** Sundews are cute little rosettes of narrow leaves which have round, sticky ends. Beware, small insects!
** I remember geometric print fabrics with wonky asterisk shapes, which had circles on the ends. Nowadays, people call those fabrics “vintage.” Hmmm.
** We saw fireworks the other night that exploded into a flower shape, and then the end of each petal exploded again into a ball of sparkles.
What do these things have in common? They remind me of “Circles within Circles,” on pages 22-23 of Crochet Bouquet. First you make seven circles of two rounds each. Round 3 forms the spindly petals and joins the seven circles into a flower. Circles within Circles is best for applique because it can’t hold its shape naturally. It is our July 2011 Crochet Bouquet-Along.
With all these separate pieces, you can end with a lot of yarn ends. Better to crochet over the ends whenever possible, like this:
Work Rnd 1 as usual, and weave in the end that comes out of the center.
Begin Rnd 2 opposite of where Rnd 1 ended, catching the yarn end from Rnd 1 in the first stitch. Photo A shows the first sts of Rnd 2 covering the yellow yarn end. Continue Rnd 2, crocheting over the yarn end.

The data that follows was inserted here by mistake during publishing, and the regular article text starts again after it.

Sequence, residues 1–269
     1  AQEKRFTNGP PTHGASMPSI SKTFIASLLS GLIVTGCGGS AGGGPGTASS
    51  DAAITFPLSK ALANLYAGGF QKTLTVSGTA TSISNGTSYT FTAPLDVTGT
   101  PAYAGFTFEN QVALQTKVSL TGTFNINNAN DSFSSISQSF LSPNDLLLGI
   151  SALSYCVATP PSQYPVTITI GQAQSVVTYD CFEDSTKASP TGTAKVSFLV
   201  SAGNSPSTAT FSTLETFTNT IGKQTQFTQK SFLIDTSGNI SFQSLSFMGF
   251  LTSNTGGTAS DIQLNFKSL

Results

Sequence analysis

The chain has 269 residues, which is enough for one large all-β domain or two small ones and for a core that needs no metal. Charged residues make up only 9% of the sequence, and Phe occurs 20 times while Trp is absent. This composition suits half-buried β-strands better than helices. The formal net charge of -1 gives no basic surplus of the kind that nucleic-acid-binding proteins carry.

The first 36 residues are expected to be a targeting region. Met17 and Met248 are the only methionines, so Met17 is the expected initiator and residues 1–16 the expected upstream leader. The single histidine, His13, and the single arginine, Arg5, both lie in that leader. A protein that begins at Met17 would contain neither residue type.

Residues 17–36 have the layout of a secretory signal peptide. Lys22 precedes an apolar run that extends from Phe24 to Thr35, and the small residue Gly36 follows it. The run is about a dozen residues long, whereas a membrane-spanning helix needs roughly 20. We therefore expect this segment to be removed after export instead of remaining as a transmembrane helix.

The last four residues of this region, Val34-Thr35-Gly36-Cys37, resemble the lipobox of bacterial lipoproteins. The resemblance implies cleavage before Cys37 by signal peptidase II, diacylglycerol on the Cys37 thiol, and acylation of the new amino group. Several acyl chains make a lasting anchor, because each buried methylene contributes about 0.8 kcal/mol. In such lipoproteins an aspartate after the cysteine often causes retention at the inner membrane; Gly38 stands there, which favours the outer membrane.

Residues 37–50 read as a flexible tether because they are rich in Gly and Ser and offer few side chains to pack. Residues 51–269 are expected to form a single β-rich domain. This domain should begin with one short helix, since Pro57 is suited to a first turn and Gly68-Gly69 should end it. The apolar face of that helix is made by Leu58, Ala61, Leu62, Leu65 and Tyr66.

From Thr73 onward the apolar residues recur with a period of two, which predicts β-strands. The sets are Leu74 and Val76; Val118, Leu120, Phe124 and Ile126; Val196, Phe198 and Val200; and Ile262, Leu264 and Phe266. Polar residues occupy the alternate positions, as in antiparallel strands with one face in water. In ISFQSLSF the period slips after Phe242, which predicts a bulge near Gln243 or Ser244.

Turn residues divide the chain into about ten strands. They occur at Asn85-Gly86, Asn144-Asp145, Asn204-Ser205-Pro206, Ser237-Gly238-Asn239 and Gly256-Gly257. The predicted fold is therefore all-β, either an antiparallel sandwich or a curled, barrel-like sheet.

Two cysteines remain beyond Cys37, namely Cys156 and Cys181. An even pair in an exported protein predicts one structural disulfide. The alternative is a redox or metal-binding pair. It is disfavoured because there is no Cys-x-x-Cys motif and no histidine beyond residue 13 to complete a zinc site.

When you have crocheted half of Rnd 2, bring the yarn end from Rnd 2 around the edge of the circle, and catch it under the next stitch, as I did the orange yarn end in Photo B. Crochet over the yarn for the rest of Rnd 2.
Trim the ends of the covered yarns.
Round 3 starts with a chain ring and a sc in the ring. To make a petal, chain 7, then pick up one of the circles and start crocheting around it. I like to start very close to the end of Rnd 2, so I can catch its yarn end under the sts of Rnd 3 as soon as possible as in Photo C.
Once you have crocheted around the circle, work back across the chain to complete the petal. (Photo D)
In Photo E, all the petals are finished, and I’m about to needle join. As soon as the last sc was done, I cut the yarn and pulled the yarn end up out of the last stitch. Then I threaded it into a tapestry needle.
The first stitch of Rnd 3 is a sc in the ring. The needle join follows the direction of the yarn on top of that first sc. Photo F shows the needle following the top thread of the first sc under the top of the next st.
Tighten the yarn so it looks like part of the first st. Now insert the needle into the last stitch, where the yarn in your tapestry needle originates. Tighten the yarn again. I like to weave in the end on the back, in the direction of the crochet (in this case, up the back of the first petal). (Photo G)
A needle join is like making a duplicate stitch over the top of the first st of the round. When you’re finished, it takes a very good eye to find the beginning/end of the round.